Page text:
The morning session was made up of presentations, followed by workshop sessions in the afternoon. The day was centred around five different themes: 

1. Built Heritage

2. Museum Collections

3. Archives, Photos and Books

4. The Mutuality of Mutual Heritage

5. Language


All of these themes were selected because they have shared background, relating to the legacy of Dutch-South African heritage. 



Built Heritage: The participants discussed the architecture of the Cape Dutch period, Boer era, Apartheid regime, VOC remains and structures designed by Dutch architects. The session recommendations called for more knowledge exchange between Dutch and South African experts. In South Africa there are not so many architects who specialise in Dutch architecture. 


The Dutch must also remember to tread carefully when attempting to work with built heritage, many of the monuments such as Castle Good Hope, have become symbols of colonialism and Apartheid. This can still be a very raw and painful history that South Africa is dealing with, and the Dutch should be sensitive to these associations and considerations when working with this heritage.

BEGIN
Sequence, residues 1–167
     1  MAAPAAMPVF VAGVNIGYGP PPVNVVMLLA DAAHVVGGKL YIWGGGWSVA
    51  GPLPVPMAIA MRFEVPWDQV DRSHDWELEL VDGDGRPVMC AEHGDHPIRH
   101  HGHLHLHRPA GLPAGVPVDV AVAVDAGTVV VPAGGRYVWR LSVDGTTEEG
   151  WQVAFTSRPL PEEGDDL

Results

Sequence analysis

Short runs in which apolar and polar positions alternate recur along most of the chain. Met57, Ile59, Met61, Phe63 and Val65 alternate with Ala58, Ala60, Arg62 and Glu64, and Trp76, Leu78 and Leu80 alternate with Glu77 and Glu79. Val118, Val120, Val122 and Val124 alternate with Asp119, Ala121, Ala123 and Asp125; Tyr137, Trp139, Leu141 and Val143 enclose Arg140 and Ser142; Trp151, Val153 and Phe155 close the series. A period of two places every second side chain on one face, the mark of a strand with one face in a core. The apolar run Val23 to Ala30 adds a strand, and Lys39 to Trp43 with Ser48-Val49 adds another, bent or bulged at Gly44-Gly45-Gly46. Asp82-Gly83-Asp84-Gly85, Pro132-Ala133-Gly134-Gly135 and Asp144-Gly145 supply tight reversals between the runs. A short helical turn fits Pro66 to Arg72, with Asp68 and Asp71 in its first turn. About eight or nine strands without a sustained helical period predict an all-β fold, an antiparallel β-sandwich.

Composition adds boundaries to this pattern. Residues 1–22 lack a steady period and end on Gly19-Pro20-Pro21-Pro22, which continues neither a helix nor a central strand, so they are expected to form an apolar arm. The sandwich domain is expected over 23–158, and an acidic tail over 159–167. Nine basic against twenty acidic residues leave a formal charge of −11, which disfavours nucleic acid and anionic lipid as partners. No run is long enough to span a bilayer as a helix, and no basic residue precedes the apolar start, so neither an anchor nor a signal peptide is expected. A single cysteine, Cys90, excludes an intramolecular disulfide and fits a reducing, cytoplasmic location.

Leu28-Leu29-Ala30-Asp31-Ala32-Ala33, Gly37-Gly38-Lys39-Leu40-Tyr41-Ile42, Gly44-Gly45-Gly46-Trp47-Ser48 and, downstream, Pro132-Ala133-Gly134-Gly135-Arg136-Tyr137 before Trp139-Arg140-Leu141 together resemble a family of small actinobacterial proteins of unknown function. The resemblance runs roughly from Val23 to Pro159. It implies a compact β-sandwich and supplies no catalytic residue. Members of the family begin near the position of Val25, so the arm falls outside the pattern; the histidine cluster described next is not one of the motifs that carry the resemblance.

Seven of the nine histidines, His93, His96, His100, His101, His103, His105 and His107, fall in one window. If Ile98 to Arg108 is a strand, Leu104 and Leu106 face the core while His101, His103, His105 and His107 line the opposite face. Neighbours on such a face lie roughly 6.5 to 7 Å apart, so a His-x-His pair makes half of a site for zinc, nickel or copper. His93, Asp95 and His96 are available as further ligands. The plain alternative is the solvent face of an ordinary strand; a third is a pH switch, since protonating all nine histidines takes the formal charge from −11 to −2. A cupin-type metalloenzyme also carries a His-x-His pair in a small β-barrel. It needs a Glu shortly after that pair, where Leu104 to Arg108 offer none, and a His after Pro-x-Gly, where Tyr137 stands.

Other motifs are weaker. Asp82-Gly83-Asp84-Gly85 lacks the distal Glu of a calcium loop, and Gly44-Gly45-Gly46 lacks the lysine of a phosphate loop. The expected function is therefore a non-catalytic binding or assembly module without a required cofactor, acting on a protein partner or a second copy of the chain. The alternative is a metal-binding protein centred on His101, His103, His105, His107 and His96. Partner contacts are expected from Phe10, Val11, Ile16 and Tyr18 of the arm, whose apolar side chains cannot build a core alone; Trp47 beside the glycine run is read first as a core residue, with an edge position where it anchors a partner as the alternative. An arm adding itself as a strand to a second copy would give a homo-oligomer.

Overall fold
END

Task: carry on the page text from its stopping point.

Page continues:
Museums and Collections: There have been many new developments in South African museums in recent years; new media, focus on digitalisation and new exhibitions, resulting from a redefinition process in South Africa, challenging them to reflect the diversity of society. The role of the museum in South Africa's nation-building process was also a prominent aspect of the discussions.